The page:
Wednesday, October 12, 2011

Washington, D.C. - Part Three - The Memorials

Our family awoke to another gorgeous day for our second full day of sightseeing in our nation's capital.  After eating more than Washington's army combined at the Embassy Suites' full buffet breakfast, we grabbed a taxi that dropped us almost at Lincoln's feet.

[Family Field Trip tip: remember I said five in a taxi is cheaper than the metro?  Well, the taxi can also take you straight to the entrances of most museums and monuments along The Mall.  The Metro station is close, but still quite a walk away.  Your family will be doing tons of walking, around and within the museums and monuments, so the taxi to and from is well worth it.]

Two words best describe the feelings the Lincoln Memorial represent to me: Awe and Reverence.  With the Gettysburg Address to one side and his second inaugural address to the other, Lincoln sits watching the America he saved from itself.  While the kids understood the solemnity of the monument, I don't think they got the awesomeness of what Lincoln did.  Greg read the Gettysburg Address quietly to the kids explaining what each sentence meant.  Anabel was moved most of all.  After looking at various statues together this year, she asked great questions about what his pose represented.  "It looks like he has one hand relaxed and one clenched on the chair.  Does that mean he could be kind, but firm?"

Greg was disappointed that they now have a bookstore inside the Lincoln Memorial.  I got his point, but I also think it is a great location to spread the ideals of democracy, freedom, and, yes, capitalism.  Anyway, there were mainly only history books; no red, white and blue t-shirts, lunch boxes or bumper stickers to clash with the importance of the monument.

Leaving Lincoln, we headed towards the Korean War Memorial.  These frozen in time soldiers walking through a battlefield gave me chills.  Again, there was the feeling of solemnity and remembrance all around.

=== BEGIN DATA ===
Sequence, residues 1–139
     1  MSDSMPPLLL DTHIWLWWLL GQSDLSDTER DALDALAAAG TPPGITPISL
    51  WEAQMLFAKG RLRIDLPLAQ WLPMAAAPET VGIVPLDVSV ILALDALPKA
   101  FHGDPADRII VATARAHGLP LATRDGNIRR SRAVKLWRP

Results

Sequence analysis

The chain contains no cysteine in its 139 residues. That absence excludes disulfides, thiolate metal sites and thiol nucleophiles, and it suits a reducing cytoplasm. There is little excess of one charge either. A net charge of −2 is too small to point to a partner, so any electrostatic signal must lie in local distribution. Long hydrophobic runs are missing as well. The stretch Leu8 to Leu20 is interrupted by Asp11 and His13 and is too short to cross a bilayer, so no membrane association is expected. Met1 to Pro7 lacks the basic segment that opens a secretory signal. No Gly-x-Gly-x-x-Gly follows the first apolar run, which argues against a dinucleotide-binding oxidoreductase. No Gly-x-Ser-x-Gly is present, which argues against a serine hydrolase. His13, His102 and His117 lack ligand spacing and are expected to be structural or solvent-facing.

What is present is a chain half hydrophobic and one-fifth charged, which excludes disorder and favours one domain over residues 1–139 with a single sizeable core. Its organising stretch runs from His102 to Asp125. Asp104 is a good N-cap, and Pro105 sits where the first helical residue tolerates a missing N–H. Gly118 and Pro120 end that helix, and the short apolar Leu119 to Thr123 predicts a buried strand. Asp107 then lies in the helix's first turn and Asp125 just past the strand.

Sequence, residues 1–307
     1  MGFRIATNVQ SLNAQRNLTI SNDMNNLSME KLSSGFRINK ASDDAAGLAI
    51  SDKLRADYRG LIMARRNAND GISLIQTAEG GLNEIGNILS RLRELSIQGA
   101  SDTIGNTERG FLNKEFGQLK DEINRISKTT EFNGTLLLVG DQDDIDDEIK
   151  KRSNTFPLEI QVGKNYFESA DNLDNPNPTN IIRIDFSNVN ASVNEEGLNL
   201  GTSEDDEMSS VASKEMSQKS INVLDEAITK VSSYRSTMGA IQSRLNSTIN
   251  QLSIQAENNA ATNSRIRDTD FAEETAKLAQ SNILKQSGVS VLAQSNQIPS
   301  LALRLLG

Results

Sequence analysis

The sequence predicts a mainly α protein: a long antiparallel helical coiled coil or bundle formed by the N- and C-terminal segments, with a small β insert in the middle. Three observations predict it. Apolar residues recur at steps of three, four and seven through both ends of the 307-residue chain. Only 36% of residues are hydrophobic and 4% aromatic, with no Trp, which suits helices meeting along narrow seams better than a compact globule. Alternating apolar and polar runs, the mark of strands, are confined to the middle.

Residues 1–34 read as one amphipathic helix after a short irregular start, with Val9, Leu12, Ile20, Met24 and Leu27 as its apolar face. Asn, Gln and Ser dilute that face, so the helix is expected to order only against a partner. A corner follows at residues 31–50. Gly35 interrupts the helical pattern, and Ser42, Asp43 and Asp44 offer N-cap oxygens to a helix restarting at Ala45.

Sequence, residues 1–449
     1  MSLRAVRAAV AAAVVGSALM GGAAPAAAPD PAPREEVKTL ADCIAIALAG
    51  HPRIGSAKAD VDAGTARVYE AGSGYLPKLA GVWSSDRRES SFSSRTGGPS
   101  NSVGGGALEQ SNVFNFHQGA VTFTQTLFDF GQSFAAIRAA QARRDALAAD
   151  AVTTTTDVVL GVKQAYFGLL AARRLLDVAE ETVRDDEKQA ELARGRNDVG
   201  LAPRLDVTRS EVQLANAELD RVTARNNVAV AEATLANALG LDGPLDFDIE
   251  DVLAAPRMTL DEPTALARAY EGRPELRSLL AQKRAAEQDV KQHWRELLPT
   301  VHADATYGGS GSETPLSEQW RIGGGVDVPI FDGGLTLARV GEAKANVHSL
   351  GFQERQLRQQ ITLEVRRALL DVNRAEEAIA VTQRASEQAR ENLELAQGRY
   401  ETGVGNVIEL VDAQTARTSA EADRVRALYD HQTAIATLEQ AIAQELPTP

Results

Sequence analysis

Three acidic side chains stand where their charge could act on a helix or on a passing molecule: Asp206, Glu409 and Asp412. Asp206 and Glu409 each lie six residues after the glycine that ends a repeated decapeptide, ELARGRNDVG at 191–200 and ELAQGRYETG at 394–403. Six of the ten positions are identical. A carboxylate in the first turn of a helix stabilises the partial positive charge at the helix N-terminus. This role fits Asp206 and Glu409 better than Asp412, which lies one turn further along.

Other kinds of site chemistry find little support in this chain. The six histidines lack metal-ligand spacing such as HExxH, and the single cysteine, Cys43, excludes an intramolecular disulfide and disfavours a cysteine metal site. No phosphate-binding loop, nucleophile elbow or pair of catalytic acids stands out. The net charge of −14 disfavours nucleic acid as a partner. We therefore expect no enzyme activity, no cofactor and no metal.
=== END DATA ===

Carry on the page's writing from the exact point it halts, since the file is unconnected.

As we walked back in front of Lincoln to the other side where the Vietnam War Memorial is located, I gave an impromptu history lesson on the wars of the twentieth century to Anabel and Wyatt.  After giving a brief overview of the four major wars that involved America, we discussed the major differences and perceptions of each.  Scholars may disagree, but my nutshell version for my kids was: WWI, we tried to be isolationists, but our alliances by providing supplies and aid eventually led to our relatively short involvement; WWII, again, we tried to just provide supplies, but after Japan attacked Americans, we could ignore their aggressive regime and Hitler's successes against our allies no longer.  In both World Wars, we had been attacked and the lines of black and white, good vs. evil were clear.  With the Korean and Vietnam Wars, the lines were a bit blurry.  Trying to explain Communism and our policy of  Containment to 10 and 12 year olds on a beautiful day seems a waste of time now, but when a teachable moment presents itself, you go with it.  I think the most powerful point they understood was the difference television made with the Vietnam War.  Seeing a war in your living room is never a pretty thing.

By the time we reached the Vietnam War Memorial Wall of Names, the kids were rightly overwhelmed.  (Greg and Emma walked behind us because she was having a hard time wrapping her young mind around all these wars and deaths.  Honestly, I still have a hard time myself.)

Strangely enough, the World War II Memorial ended up being a very uplifting monument.  We loved the ring of states around the memorial and the wall plates that tell the story of the Atlantic War and the Pacific War.  We met a lone WWII veteran who asked us to take his picture by his state sign.  He described his experience in the South Pacific and the battles he fought in.  Just talking to him for five minutes revived our patriotism and cemented our belief that he and his fellow soldiers were of the greatest generation our country has ever seen.  He thanked us for taking his picture and we thanked him for his service and sacrifice for our country.  Our words of gratitude for their contribution to our country are insufficient for what these great men and women sacrificed and accomplished.

We left the memorial area and headed past the great Washington Monument ready for lunch, but first, we paused for a moment of reflection in the shadow of that great obelisk.  What will the memorial for the still going wars in Iraq and Afghanistan look like?  What other wars will the twenty-first century hold?  Too depressing to think about for long... Carpe diem!  Let's eat!

Life is short so "Gather ye rose buds while ye may!"

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